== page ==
How the 1960 Sit-in Was a Catalyst for Civil Rights in Lynchburg
Sixty years ago, six college students sat down together for a cup of coffee at the lunch counter at Patterson’s Drug Store in downtown Lynchburg. But because two of those students were Black, all six were arrested and charged with trespassing.
Their Dec. 14, 1960 arrest and subsequent conviction, which included a sentence of 30 days in jail, sparked a number of other sit-ins, forcing residents to grapple with the ugly inequality in their segregated city.
“Oh my God, that was a wonderful day,” recalls the Rev. Virgil Wood, then pastor at Diamond Hill Baptist Church who helped plan the sit-in. “I remember it like it was yesterday. It’s indelibly imprinted in your spirit.”
Now 88 and a resident of a Houston suburb, Wood said the sit-in “was an originating moment in some ways” and was significant because of the institutions involved.
Barbara Thomas, 21, and Kenneth Green, 28, were students at the all-Black Virginia Theological Seminary, while Mary Edith Bentley, 20, and Rebecca Owen, 20, were students at Randolph-Macon Woman’s College. James E. Hunter, 19, and George Terrill Brumback, 20, were students at Lynchburg College.
“It was just an obvious moral issue; (segregation) was wrong,” said Hunter, the only one of the six interviewed for this story. Two have died, one is ill, one can’t be found, and the other declined an interview.
Hunter, who will turn 80 in December, has not talked about the sit-in much over the years, but summed up the action this way: “Two things I would emphasize are that nonviolence can work, and things can change.”
Hunter, who had a career in social work and lives in Maine, acknowledges that racism remains a problem, but says things have improved vastly. He had seen signs of segregation, including separate drinking fountains, as a child. “You saw that kind of thing all over the place,” said Hunter, who grew up in Indianapolis. “It irked you.”
The decision to become involved in civil rights was a no-brainer for Hunter. He said a group of students had been meeting at Diamond Hill for a few weeks and realized they needed to take action. They chose Patterson’s Drug Store because of its prominence on Main Street and hoped to convince drug store owner William S. Patterson to get on the right side of history.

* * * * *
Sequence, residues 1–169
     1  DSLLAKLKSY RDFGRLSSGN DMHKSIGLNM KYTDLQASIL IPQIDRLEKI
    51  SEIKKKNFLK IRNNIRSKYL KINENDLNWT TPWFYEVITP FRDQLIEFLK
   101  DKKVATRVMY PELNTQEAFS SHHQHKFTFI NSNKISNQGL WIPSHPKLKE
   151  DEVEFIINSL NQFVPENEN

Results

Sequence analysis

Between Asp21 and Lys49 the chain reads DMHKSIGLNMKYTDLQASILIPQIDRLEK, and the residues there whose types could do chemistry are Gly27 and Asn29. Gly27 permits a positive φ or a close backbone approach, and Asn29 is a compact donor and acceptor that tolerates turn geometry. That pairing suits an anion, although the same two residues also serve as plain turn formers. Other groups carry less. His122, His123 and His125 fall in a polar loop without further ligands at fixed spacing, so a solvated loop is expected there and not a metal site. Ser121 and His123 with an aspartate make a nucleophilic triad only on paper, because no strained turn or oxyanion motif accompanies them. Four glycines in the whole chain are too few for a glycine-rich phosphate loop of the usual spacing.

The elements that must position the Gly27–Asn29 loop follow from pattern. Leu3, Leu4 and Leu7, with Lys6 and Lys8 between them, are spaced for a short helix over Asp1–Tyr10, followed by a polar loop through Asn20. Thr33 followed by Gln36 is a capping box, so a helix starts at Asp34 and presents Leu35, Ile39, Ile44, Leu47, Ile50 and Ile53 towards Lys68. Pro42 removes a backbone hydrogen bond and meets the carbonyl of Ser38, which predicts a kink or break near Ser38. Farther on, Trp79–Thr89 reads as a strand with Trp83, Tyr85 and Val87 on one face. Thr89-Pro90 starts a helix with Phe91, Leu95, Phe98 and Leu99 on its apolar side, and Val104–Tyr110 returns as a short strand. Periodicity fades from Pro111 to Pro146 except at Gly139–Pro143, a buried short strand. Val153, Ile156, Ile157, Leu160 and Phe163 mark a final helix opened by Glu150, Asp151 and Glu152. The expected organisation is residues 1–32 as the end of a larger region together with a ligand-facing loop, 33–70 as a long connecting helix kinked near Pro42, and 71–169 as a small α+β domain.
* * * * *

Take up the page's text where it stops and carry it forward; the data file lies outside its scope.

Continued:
Instead, Patterson called the police and had the students arrested for trespassing. A patrol wagon took the students to jail. Hunter said a Black businessman posted his bail that evening.
Rebecca Owen called her good friend Alice Hilseweck (now Ball), who got word to R-MWC President William Quillian. Quillian arranged for bail for his students.
The very next day, Ball participated in a sit-in at Peoples Drug Store. “We didn’t want to go home for Christmas vacation and leave (the people of) Lynchburg thinking there were just six bad guys in the town,” Ball, now 81, said in a phone interview from her home in Atlanta.
Ball joined four other R-MWC students and Miriam Thomas Gaines, a Black student from Campbell County High School, at Peoples. Miriam’s sister, Barbara Thomas, had been arrested the day before.
“I’ve been doing a lot of thinking about it,” Ball said. “This is an issue now and has never not been an issue.” Her book club in Atlanta is reading The Race Beat, about how the media covered racial issues from 1958 to 1960, which makes her realize “the things that I as a white woman don’t have to wake up thinking about.
“I believe some of the material that’s being written now is beginning to get white people to wake up,” Ball said, adding she is hopeful because white Episcopal parishes in her area are talking about white privilege.
Ball’s life reflected her early beliefs. Her work to help battered women, foster children, and young girls earned her national recognition. She has also worked as a mediator and trainer for an alternative dispute resolution center in Atlanta.
For Miriam Gaines, now 77 and a resident of Forest, her decision to join the Peoples sit-in was prompted by the racism she experienced as a child. Until very recently, she has been reluctant to talk about it. When she was asked to tell children about the sit-in at Pleasant Valley Church earlier this year, however, she couldn’t resist. She shared the notes from her talk.
Gaines said her father worked three jobs to support his nine children. He owned a store and a barbershop and was a porter carrying mail and packages at a railroad station. Her mother stayed at home and periodically did day jobs cleaning the homes of whites.